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Phenomenology and its relevance to medical humanities: the example of Hermann Schmitz’s theory of feelings as half-things
  1. Mathias Wirth
  1. University of Bern, Faculty of Theology, Bern, Switzerland
  1. Correspondence to Ass. Prof. Dr Mathias Wirth, University of Bern, Faculty of Theology, Department of Systematic Theology; mathias.wirth{at}theol.unibe.ch

Abstract

One leitmotif that medical humanities shares with phenomenology and most contemporary medical ethics is emphasising the importance of appreciating the patient as a whole person and not merely as an object. With this also comes a focus on marginalisation and invisibility. However, it is not entirely clear what exactly patient-centred care means. What both phenomenology and medical humanities contribute to a ‘more humane health-care encounter’ (Goldenberg 2010, p 44) is offering not only a first-person perspective, but a dialogue between the third-person perspective and evidence-based medicine. Therefore, one main aim of medical humanities and phenomenology is to pay attention to the lived body (Leib) while adding this to the science of the objective body (Körper). In this study, I will discuss this connection through the lens of Hermann Schmitz’s phenomenology. Finally, in light of this dialogue between phenomenology and medical humanities some proposals for medical practice shall be suggested.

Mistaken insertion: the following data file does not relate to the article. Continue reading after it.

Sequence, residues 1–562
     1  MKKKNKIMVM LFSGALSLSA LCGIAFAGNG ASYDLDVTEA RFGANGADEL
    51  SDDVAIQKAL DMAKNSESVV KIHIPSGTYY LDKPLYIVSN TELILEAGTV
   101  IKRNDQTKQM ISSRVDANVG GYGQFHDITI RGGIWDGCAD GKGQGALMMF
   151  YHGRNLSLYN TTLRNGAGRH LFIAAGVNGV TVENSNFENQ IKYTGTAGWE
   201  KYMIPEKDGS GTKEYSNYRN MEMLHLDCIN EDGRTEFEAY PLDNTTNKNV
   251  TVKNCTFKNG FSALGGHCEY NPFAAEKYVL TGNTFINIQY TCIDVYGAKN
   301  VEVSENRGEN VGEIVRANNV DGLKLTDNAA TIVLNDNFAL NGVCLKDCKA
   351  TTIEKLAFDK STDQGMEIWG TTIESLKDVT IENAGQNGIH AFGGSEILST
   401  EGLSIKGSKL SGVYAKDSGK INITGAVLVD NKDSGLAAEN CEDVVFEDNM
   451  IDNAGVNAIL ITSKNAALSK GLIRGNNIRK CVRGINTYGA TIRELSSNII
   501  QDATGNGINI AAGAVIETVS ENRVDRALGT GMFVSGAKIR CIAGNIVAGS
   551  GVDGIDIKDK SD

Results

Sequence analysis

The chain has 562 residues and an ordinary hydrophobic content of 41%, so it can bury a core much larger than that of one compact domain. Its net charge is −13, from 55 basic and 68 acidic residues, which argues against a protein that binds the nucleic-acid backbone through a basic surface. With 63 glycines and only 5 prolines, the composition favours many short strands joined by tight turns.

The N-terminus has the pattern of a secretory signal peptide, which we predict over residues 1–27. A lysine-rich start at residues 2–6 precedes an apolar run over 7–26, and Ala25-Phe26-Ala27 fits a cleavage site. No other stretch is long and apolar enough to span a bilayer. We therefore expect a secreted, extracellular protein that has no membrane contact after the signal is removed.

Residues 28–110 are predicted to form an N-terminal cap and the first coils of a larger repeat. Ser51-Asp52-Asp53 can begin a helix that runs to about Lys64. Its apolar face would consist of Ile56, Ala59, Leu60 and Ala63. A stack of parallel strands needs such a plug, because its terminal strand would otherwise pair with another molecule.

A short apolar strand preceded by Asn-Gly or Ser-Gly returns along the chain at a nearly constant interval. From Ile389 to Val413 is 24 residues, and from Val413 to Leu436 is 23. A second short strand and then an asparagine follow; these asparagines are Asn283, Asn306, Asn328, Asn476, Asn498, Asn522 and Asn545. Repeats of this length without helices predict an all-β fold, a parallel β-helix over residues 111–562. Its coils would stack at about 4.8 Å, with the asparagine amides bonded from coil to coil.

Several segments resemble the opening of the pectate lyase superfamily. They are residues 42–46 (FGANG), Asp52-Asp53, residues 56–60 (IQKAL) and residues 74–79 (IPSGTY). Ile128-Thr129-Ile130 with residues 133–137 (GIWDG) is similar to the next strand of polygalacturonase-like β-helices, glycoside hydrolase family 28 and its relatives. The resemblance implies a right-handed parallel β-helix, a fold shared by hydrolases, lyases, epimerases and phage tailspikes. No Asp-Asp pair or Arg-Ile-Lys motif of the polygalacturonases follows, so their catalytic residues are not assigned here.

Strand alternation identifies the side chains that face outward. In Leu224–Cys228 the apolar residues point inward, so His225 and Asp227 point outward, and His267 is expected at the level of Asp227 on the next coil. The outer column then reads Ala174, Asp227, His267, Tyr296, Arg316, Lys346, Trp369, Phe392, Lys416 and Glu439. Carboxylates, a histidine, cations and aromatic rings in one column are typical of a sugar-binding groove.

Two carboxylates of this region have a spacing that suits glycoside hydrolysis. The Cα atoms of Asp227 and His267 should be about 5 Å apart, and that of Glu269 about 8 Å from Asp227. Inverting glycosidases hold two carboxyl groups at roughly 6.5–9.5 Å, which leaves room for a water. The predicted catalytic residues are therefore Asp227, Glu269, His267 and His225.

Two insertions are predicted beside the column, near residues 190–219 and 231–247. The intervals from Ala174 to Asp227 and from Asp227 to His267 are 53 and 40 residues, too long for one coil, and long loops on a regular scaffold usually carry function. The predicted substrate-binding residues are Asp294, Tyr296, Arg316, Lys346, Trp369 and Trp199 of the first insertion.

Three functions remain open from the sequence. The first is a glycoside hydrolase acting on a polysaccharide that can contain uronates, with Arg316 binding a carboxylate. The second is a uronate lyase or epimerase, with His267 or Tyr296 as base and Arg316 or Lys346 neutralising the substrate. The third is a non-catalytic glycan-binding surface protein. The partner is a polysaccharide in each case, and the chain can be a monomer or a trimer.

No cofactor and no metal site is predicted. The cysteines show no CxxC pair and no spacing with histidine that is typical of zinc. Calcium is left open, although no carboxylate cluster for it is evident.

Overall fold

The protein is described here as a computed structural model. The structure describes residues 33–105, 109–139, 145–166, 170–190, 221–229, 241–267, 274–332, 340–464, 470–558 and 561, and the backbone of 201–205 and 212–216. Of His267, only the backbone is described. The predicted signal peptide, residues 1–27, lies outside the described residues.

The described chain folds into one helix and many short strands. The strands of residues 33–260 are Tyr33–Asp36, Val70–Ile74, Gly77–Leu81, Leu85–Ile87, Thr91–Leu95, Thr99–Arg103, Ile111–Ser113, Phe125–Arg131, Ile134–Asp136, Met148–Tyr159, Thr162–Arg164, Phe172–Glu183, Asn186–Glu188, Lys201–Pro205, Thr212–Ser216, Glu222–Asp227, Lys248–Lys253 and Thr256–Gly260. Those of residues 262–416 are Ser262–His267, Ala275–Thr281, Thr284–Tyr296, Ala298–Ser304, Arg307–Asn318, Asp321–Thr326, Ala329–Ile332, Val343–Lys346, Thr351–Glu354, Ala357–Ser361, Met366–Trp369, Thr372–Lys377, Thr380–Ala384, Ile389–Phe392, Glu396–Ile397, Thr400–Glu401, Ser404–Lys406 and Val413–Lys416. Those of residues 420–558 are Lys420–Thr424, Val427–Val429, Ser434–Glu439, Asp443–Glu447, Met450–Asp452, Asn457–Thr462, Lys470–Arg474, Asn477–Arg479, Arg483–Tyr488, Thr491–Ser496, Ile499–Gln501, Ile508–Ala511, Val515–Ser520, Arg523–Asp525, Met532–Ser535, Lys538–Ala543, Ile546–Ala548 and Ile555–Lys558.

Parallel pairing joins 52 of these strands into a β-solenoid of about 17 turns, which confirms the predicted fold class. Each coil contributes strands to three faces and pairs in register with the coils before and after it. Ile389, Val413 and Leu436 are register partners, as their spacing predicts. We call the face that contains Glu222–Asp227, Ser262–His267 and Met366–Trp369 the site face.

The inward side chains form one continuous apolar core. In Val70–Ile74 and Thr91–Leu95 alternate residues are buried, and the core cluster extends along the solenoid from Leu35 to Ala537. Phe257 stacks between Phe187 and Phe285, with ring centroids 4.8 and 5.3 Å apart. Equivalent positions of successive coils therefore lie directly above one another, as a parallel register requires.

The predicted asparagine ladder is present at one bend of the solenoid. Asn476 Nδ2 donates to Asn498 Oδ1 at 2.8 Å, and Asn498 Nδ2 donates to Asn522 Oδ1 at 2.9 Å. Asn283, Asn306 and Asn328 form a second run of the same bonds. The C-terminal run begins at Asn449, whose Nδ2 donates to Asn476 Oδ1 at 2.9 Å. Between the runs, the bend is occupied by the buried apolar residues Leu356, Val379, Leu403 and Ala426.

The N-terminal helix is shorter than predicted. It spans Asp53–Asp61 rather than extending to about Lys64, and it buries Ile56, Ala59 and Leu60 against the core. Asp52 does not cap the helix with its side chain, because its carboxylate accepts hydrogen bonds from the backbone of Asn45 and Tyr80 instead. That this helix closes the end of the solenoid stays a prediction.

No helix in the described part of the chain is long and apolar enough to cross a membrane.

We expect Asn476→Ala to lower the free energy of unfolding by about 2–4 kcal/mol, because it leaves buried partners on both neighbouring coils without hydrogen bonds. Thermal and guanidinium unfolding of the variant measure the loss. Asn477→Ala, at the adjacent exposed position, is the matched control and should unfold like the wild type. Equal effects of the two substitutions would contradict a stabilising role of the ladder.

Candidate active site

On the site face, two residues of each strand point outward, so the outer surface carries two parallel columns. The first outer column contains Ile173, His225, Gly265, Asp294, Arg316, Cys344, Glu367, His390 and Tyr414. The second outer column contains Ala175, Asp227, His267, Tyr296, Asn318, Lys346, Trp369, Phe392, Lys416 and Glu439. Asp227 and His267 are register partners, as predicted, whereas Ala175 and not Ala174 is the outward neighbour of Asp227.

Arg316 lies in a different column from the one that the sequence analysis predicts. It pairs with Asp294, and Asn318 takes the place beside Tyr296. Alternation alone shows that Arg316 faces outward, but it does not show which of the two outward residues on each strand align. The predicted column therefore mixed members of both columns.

• medical anthropology
  • medical education
  • medical humanities
  • philosophy of medicine/healthcare

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Footnotes

  • Funding The authors have not declared a specific grant for this research from any funding agency in the public, commercial or not-for-profit sectors.

  • Competing interests None declared.

  • Patient consent Not required.

  • Provenance and peer review Not commissioned; externally peer reviewed.

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